- Your annual income
- Monthly debt
- Desired loan term
- Down payment
- Interest rate
- Homeowner’s insurance
- Real estate taxes
So as long as you have this information on hand, you can plug in the numbers to find out what you can afford for your mortgage. Note that home affordability calculators let you play around with the numbers, so you can easily see how a larger or smaller down payment or loan term can drastically affect your monthly payment.
For instance, putting 20% down will get you a lower monthly payment than if you put 10% down. But that means you have to have thousands of dollars ready to spend upfront when you buy your house. If that sounds unrealistic for you right now, it’s a good idea to focus on bringing that down payment up before you buy a house. Many people increase their down payment with the following methods:
- Setting aside tax refunds
- Getting a second job
- Asking for a raise at work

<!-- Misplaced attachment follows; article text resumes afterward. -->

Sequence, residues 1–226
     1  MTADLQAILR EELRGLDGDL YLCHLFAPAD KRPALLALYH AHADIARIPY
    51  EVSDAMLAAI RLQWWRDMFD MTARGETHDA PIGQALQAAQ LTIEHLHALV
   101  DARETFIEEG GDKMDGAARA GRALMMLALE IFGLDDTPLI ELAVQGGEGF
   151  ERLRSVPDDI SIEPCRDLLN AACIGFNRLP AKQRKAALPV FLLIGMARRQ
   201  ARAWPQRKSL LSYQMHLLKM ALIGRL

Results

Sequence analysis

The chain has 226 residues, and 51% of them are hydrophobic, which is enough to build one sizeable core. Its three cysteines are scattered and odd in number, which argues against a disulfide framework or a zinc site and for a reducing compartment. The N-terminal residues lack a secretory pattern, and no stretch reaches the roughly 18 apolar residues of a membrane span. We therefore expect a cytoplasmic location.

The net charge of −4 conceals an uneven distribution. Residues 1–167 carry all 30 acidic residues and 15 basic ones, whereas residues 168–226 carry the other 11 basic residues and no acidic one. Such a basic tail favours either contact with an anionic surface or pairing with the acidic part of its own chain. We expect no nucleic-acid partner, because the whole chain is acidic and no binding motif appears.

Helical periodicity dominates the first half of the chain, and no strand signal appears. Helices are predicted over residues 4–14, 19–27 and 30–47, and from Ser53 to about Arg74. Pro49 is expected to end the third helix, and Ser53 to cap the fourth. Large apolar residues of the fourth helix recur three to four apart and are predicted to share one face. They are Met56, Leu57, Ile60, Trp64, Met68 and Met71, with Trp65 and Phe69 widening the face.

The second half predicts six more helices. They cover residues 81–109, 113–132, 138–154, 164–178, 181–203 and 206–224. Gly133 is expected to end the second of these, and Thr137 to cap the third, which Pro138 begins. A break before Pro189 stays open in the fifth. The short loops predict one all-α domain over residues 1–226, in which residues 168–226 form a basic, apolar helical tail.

- Withdrawing funds from an IRA
- Selling items they no longer want
It’s good to get as close to 20% as you can for your down payment so you can keep your mortgage payment low and avoid extra fees, such as private mortgage insurance (PMI). But if you can’t quite get there, you can likely still buy a house, as some types of home mortgages require much lower down payments than the traditional 20%.
Get Preapproved for the Right Loan for You
Now that you have some idea of how much you can afford to pay for your mortgage after reading this home buying guide, it’s time to get it in writing. This means going through the preapproval process with a lender, which requires you to provide your financial documents—such as pay stubs, W-2 statements, and bank account statements—in order to find out how much you qualify for. Once the lender verifies your financial information, you will get a preapproval letter that states the amount you can borrow for your mortgage.